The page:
Evangelicalism, Politics, Religion

QAnon and Belief

Sunday, 17th January 2021
https://www.nytimes.com/2021/01/17/technology/qanon-meme-queen.html

Things said by the person profiled in this article:

“The world opened up in Technicolor for me,” she said.

“It was like the Matrix — everything just started to download.”

“The ups and downs have not fazed me because I get it,” she said. “This is a war of information, of propaganda, and I’m just riding the waves.”

“I am really good at putting symbols together,” she said.“

Be prepared, and stay cool,” Ms. Gilbert wrote to her Facebook friends recently. “Slow and steady wins the race. We’re in the home stretch now.”

Who knows what it would take to convince this person that she’s wrong? Likely trying to do so is futile. But what it reminds me of are the people who absolutely positively know the date when Jesus returns to earth. The last few hundred years are littered with “prophets” making these claims, always being wrong of course, but always shifting their target to something else, some reason why it didn’t happen, or it did happen but we were distracted, or it will only happen if we do something drastic to usher it in.

Qanon just seems like the prophetic wing of right-wing evangelicalism, with a few small tweaks. Which means it’s just about as intractable, and filled with despair, including despair of any hope that anyone else has. It’s designed to fail, to not deliver on its promises and predictions, because the point is to coalesce people in opposition to a mainstream. When it fails, some will fall away, but many will remember the feeling of “where we go one, we go all”, and that’s what will last into the next conspiracy theory or movement or performative protest.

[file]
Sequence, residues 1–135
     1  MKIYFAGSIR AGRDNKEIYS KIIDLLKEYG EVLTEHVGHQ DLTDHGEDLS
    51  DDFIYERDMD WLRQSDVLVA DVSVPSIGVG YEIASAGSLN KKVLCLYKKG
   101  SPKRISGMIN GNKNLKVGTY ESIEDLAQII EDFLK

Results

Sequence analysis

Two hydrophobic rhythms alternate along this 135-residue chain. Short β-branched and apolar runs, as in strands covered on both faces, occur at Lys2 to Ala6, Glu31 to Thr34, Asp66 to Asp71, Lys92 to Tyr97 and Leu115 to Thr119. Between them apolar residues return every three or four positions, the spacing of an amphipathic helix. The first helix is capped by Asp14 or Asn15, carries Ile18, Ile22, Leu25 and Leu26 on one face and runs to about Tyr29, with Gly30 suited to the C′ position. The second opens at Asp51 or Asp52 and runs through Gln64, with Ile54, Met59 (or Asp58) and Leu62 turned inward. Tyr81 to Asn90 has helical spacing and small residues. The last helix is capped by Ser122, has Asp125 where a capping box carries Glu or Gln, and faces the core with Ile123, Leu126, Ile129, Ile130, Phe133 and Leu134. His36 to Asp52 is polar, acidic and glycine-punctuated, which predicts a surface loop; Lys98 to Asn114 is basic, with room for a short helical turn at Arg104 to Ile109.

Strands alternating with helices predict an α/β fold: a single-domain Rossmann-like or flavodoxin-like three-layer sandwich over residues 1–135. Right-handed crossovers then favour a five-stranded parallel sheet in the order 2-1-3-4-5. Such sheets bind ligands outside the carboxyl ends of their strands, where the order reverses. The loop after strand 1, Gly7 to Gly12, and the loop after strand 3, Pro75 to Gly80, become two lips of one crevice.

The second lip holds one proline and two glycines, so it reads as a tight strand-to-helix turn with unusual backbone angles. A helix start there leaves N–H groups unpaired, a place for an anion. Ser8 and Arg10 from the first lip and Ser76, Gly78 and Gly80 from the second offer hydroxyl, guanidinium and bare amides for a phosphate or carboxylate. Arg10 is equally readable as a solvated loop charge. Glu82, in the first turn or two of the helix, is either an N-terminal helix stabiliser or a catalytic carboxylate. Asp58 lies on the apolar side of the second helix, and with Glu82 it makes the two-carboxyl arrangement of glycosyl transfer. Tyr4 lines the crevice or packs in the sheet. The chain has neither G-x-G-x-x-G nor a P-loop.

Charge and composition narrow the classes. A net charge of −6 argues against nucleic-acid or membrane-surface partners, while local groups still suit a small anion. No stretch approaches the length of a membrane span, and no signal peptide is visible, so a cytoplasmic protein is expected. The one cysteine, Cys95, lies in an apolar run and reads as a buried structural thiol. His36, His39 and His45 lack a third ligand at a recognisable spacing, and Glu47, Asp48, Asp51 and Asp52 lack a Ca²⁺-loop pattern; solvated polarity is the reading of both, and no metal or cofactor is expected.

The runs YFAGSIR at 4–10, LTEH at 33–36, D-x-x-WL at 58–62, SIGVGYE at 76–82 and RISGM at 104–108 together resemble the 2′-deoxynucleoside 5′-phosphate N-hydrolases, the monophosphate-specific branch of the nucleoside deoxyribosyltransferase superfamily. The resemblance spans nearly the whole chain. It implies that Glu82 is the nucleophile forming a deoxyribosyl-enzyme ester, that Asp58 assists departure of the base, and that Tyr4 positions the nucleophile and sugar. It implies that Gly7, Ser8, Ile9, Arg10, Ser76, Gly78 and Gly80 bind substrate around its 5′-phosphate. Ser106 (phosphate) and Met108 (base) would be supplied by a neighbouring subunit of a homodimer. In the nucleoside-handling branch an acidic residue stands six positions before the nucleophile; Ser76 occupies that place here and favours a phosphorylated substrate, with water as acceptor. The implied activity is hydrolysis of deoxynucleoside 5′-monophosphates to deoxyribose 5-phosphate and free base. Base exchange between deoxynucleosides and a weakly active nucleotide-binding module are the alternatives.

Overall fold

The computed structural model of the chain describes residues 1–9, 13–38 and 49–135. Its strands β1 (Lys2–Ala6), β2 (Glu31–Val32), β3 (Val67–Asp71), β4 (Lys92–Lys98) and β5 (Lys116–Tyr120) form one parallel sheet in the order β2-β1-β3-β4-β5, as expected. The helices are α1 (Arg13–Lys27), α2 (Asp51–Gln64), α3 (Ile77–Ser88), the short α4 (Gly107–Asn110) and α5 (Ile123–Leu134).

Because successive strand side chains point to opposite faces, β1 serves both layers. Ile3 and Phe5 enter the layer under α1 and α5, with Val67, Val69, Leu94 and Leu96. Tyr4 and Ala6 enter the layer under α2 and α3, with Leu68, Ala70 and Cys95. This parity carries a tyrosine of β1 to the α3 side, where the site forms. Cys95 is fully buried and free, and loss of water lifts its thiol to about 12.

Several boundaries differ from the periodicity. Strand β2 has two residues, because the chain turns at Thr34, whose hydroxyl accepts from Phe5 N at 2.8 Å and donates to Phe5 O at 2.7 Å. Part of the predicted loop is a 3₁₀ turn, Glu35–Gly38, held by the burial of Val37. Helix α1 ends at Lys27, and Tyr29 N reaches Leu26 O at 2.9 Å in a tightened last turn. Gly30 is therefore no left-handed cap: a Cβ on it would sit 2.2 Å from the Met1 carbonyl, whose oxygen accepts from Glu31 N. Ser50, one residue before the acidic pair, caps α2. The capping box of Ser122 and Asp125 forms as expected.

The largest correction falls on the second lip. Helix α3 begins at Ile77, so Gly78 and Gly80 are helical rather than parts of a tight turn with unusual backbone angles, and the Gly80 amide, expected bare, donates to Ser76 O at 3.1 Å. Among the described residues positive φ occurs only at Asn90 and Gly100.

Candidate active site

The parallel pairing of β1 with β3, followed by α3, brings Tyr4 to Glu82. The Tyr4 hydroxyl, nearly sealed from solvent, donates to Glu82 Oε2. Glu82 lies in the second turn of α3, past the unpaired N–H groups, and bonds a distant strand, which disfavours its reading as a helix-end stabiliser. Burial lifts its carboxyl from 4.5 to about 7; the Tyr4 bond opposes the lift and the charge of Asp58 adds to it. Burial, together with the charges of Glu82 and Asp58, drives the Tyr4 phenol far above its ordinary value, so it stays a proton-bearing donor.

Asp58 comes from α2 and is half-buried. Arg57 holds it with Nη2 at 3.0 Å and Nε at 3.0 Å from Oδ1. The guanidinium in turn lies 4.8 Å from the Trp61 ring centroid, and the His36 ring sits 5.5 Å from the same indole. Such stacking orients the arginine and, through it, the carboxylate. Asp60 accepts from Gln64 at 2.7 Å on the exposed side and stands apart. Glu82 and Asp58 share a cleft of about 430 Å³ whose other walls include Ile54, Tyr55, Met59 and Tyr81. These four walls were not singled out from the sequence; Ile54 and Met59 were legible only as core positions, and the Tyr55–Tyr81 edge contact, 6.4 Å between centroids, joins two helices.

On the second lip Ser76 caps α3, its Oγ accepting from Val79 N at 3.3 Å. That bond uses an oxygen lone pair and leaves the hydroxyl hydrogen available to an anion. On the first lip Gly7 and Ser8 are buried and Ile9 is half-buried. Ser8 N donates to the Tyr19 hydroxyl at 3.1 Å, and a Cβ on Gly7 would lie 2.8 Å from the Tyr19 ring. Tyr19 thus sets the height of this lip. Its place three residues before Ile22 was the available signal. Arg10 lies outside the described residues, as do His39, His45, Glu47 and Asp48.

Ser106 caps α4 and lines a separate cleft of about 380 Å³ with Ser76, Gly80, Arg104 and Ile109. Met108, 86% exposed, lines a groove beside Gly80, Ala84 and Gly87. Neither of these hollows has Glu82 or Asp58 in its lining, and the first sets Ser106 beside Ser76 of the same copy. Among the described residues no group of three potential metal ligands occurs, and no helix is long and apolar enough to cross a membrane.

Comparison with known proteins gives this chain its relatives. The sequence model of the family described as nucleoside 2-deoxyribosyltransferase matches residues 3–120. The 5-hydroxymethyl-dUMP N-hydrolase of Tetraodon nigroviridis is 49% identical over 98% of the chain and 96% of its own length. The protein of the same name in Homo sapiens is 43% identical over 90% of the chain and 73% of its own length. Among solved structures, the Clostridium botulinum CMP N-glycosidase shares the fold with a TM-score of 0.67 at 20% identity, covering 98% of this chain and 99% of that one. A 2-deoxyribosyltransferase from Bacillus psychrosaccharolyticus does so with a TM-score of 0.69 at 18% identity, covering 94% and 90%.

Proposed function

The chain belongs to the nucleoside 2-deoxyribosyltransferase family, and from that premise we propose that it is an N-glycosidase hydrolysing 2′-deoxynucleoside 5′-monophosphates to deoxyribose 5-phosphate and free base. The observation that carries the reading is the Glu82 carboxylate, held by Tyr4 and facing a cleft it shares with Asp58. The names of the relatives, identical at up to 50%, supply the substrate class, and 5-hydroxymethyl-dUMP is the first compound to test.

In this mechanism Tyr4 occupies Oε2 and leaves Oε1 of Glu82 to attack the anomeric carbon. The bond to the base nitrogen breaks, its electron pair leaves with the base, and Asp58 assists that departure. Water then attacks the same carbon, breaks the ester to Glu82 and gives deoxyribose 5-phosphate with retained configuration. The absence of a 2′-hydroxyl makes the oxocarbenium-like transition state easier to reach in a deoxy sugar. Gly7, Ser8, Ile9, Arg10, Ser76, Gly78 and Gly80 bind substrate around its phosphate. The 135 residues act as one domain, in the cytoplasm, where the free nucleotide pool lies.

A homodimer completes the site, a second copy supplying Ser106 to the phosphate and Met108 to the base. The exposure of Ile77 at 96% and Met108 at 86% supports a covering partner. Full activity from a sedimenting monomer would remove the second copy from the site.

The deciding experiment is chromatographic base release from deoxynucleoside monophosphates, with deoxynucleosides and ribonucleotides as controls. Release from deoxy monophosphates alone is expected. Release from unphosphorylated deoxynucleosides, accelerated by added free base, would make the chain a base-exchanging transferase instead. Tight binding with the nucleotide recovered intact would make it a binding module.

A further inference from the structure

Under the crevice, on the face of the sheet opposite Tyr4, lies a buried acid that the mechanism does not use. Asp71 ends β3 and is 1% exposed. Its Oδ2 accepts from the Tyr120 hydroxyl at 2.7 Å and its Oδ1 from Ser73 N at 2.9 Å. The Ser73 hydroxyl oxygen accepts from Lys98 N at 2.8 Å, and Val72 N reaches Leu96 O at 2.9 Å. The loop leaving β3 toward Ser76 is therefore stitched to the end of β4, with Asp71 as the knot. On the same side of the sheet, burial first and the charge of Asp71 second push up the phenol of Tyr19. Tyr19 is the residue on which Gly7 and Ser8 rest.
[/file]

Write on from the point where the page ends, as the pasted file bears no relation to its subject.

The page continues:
They will remember the feeling of knowing what’s really going on, even if that was an illusion, and they will remember how this was achieved through the effort of a large group of like-minded people, all working in different ways but dovetailing and sustaining this illusion. It doesn’t matter that it makes no sense in the larger scheme of things. It has internal coherence, like the elaborations of fan fiction in a fantasy world, and it differentiates the in-group from the mainstream, which makes people feel special, and it allows an avenue to make anger, hate, fear, and resentment into something productive in its own terms.

And so it bears the marks of its formation in apocalyptic conservative Christianity and end-times paranoia. Only the chosen realize what’s truly going on – all others have blinders on, no matter how much they think they know through their science and technocratic reasoning. It’s a Gnostic world in the end. The chosen are “really good at putting symbols together”, and everyone else just sees the surfaces of things, the lifeless materialist connections of science and the superficial conclusions that legal standards of evidence lead to.

As with so many things, forms of faith have laid the groundwork for these things that seem to be a long way away from literal Christianity, but really aren’t. The conviction that all human reason is fallen, there is a real truth which is only accessible by the faithful, and that the consequences of what you believe (i.e., the ideas you hold in your head) are cosmic, lays the groundwork for QAnon and other conspiracy theories.